Heat pumps transfer heat from low temperatures to high temperatures. In winter they can add energy, usually electricity, to convert cold outdoor air into indoor heating. In summer, they capture indoor heat, releasing it outdoors. Heat pumps are efficient: one unit of energy drives roughly four units of heating or cooling – the other units come from ambient sources, such as the ground. This driving energy can come from renewable sources – such as photovoltaics, reducing CO2 emissions. Furthermore, heat pumps can be integrated into electrical grids; storing energy, they can provide flexibility to the grid. “Yet, consumers still have to be further persuaded of their value,” says researcher Mustafa Araz from the LAB2SHAPE project. There is a misconception that they can’t work in cold climates, despite being most prevalent in Scandinavia. They are considered expensive by many, despite subsidies in many European countries. Perhaps most significantly, there is a dearth of proficient installers. “It’s inevitable that heat pumps will replace all gas boilers in a few decades. But to boost demand, their performance needs to be quantified and explained more effectively,” remarks Araz. Hosted by Peutz Netherlands, the LAB2SHAPE project has developed a design for a laboratory to evaluate performance, providing clients with third-party testing, certification and advice.
The lab design
A computer model for lab testing was developed based on publicly available heat pump data sets and applicable to different heat pump types, capacities, efficiencies and defrost modes. The lab was limited to electrically driven residential heat pumps with a maximum thermal heating/cooling capacity of 20 kW. Currently, annual performance is determined through tests in accordance with EU regulations, Ecodesign and Energy Labelling and European norms (EN 14511, EN 14825 and EN 16147), and calculated by combining the results of four to six test points, in three climatic conditions. “Capacity is also set to a fixed point by the manufacturer, so when tested it is not operating based on a thermostat, as in real life,” adds Araz. “This leaves questions about actual efficiencies.” The project’s laboratory design was developed to test the performance of air to air heat pumps and air conditioners; air to water heat pumps; water (brine) to water (brine) heat pumps; water (brine) to air heat pumps; and domestic hot water heat pumps. Aligning with EU standards, testing also included quality assurance labels such as the EHPA and KEYMARK. “To our knowledge, there are no Netherlands test centres and very few in Europe for air to air heat pump and air conditioner tests, few offer commercial testing at all. Considering growth in the market, demand is likely to spike,” explains Araz.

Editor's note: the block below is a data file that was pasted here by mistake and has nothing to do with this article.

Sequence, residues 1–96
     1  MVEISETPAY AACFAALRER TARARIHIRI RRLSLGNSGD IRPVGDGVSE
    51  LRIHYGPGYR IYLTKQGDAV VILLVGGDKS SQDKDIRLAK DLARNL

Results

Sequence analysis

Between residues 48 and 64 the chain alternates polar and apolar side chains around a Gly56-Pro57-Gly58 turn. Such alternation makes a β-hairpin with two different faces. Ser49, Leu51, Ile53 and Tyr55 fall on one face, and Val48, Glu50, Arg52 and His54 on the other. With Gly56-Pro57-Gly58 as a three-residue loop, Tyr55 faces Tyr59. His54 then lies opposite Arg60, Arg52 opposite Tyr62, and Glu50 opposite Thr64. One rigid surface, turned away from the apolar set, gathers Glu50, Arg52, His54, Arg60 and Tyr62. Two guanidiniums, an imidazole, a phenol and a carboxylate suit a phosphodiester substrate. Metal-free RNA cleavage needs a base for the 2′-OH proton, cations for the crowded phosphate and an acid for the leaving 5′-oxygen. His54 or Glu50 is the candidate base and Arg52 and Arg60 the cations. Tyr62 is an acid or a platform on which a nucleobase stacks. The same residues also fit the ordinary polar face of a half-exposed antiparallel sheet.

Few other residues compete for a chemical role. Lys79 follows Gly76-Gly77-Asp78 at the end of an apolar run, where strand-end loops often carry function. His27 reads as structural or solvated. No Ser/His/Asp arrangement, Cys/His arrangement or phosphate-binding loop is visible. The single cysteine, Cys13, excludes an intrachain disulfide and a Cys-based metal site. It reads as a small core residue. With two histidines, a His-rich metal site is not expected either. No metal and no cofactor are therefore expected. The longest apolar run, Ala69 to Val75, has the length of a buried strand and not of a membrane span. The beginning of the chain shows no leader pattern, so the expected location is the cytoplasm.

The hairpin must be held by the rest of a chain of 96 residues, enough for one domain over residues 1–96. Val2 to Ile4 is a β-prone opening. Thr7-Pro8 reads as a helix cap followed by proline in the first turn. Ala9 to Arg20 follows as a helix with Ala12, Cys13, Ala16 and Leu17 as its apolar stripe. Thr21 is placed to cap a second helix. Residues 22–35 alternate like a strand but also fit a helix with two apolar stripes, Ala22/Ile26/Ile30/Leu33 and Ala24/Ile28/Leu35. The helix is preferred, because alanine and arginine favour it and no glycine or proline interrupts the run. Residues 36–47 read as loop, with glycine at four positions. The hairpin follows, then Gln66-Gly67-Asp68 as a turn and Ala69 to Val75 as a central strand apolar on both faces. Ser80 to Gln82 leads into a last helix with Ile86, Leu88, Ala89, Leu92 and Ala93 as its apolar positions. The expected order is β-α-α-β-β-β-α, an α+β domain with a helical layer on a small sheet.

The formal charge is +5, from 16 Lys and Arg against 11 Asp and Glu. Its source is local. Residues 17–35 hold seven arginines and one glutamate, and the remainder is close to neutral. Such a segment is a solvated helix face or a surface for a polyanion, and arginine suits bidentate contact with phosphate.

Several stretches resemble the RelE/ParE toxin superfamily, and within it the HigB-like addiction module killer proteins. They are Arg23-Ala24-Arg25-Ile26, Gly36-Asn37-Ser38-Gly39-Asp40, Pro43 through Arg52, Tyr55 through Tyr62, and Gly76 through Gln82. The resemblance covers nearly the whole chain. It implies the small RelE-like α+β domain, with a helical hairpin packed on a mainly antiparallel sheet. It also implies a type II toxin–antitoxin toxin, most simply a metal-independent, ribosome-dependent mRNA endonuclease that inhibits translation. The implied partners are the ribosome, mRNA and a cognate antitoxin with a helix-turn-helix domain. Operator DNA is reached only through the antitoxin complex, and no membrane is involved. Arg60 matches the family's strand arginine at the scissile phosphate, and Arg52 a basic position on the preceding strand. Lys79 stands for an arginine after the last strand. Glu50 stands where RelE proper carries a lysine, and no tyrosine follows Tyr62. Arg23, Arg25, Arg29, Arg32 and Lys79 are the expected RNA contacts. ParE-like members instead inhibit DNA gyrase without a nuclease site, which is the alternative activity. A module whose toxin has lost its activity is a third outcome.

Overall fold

Helping to set standards
In the EU, buildings are responsible for approximately 40 % of energy consumption and 36 % of CO2 emissions, with current residential heating systems primarily running on fossil fuels. However, with EU initiatives such as the Energy Performance of Buildings Directive (EPBD), Energy Efficiency Directive and Green Deal, heat pumps are central to a green transition. More recently, the European Commission has stated its aim to pivot towards energy independence, including doubling heat pump installations in the next 5 years. The project team are currently exploring potential partnerships to get their evaluation and certification laboratory commissioned. “Our lab could also combine performance data with dynamic simulations to assess specific heat pumps for a range of buildings, climates and even other energy systems, such as photovoltaics,” concludes Araz.
LAB2SHAPE, heat pump, fossil fuel, energy, residential, buildings, heating, cooling, laboratory